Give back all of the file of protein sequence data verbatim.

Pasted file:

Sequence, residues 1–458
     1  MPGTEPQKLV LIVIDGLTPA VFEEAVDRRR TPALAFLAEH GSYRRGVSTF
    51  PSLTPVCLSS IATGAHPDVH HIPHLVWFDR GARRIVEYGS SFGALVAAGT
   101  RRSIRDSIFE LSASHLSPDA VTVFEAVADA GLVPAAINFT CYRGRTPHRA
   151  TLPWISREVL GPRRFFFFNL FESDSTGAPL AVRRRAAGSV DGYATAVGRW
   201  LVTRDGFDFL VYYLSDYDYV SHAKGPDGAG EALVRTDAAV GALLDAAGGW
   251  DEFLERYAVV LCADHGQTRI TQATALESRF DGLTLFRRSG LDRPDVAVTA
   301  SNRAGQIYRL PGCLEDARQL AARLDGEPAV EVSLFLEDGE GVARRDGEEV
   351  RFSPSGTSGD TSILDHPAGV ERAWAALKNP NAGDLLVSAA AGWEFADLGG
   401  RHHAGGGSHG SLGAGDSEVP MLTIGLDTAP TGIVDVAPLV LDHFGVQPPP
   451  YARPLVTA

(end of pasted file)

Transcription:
Sequence, residues 1–458
     1  MPGTEPQKLV LIVIDGLTPA VFEEAVDRRR TPALAFLAEH GSYRRGVSTF
    51  PSLTPVCLSS IATGAHPDVH HIPHLVWFDR GARRIVEYGS SFGALVAAGT
   101  RRSIRDSIFE LSASHLSPDA VTVFEAVADA GLVPAAINFT CYRGRTPHRA
   151  TLPWISREVL GPRRFFFFNL FESDSTGAPL AVRRRAAGSV DGYATAVGRW
   201  LVTRDGFDFL VYYLSDYDYV SHAKGPDGAG EALVRTDAAV GALLDAAGGW
   251  DEFLERYAVV LCADHGQTRI TQATALESRF DGLTLFRRSG LDRPDVAVTA
   301  SNRAGQIYRL PGCLEDARQL AARLDGEPAV EVSLFLEDGE GVARRDGEEV
   351  RFSPSGTSGD TSILDHPAGV ERAWAALKNP NAGDLLVSAA AGWEFADLGG
   401  RHHAGGGSHG SLGAGDSEVP MLTIGLDTAP TGIVDVAPLV LDHFGVQPPP
   451  YARPLVTA